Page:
A new United States policy on the Arctic is a powerful challenge for Canadians to establish their control over the area before the Americans do it for them, says a leading academic.
"This is a very clear message to the world that the Americans are saying to the world, 'We're back,' when it comes to Arctic security," said Rob Huebert of the University of Calgary.
American President George W. Bush signed the new Arctic policy — the first such document in the U.S. since 1994 — on Friday and released it late Monday afternoon.
The 10-page paper, which comes only weeks after the European Union released a similar report, is forthright about U.S. intentions to protect its security and remain a major player in the Arctic without regard to Canadian or other international sensitivities.
"Freedom of the seas is a top national priority. The Northwest Passage is a strait used for international navigation," it said.
The U.S. will "project a sovereign United States maritime presence in the Arctic in support of essential United States interests."
The paper also thumbed its nose at proposals from the EU to regulate shipping, fishing and energy development in the Arctic through an international treaty, saying such a treaty "is not appropriate or necessary."
It did say the U.S. should sign on to a United Nations treaty to determine how the Arctic seabed will be divvied up. It also expressed support for international bodies such as the eight-member Arctic Council.
But it was cautious about any new bodies that might restrict its freedom of action in the region.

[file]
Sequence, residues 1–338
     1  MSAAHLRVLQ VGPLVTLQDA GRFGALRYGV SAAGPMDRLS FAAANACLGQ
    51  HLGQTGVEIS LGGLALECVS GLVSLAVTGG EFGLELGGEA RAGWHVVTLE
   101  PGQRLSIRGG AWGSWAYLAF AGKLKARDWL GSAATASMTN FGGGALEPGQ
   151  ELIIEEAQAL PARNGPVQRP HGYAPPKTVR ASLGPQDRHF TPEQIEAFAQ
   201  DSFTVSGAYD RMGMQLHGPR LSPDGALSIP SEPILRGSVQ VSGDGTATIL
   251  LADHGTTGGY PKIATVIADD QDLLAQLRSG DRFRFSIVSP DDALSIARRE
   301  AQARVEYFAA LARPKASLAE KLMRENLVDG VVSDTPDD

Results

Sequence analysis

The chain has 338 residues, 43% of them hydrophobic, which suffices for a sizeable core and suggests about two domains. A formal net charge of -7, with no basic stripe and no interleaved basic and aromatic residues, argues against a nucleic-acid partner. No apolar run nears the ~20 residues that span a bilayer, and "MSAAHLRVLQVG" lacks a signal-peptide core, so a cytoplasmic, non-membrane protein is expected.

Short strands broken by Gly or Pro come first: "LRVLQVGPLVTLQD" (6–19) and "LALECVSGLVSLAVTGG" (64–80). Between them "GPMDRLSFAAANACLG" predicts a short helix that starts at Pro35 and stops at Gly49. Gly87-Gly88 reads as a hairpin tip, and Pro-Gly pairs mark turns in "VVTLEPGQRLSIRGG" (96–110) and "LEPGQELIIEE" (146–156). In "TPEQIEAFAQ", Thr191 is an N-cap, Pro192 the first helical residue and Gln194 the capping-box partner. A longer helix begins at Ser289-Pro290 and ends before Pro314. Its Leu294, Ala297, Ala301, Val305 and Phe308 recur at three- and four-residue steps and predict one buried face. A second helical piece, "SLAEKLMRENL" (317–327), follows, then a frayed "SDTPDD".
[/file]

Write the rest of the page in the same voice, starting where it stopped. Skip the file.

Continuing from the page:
Still, it will take years before the U.S. builds up its Arctic presence.
Huebert said that gives Canada a window to move in and show the Americans that it can ensure a secure and well-regulated northern frontier.
"If we worked on having management instrumentation and regimes in place to actually provide security, by the time the Americans actually do anything about it, they've more or less come to rely on us," he said.
The document outlines American policy objectives for the Arctic, with security, governance and boundary disputes the first three topics. It also underlines the U.S. intent to develop the region's energy resources in an environmentally responsible way and strengthen ties between the eight Arctic nations: the U.S., Canada, Russia, Sweden, Finland, Iceland, Norway and Denmark.
But it was clear about its interest in security.
"[The U.S.] is prepared to operate either independently or in conjunction with other states to safeguard these interests," it read.
The statement comes weeks after the EU released a document pointing toward its own Arctic policy. That document made an argument for a network of international bodies to regulate the development and use of the increasingly accessible Arctic.
A number of Canadian academics warned at the time that Canada risked losing control over the agenda for northern development, which would likely weaken its sovereignty over the region.
Huebert noted that while the EU and the U.S. have both released clear and concise documents outlining what their goals are in the Arctic, Canada hasn't.
"Just as the EU document was a wake-up call for us, here's one in which the Americans make it very clear where the differences are.
"Why do you want sovereignty unless you are going to use sovereignty for something? This is what the Americans are doing. They're saying this is what we want."
Prime Minister Stephen Harper has promised a "northern strategy," but has never produced one, Huebert said.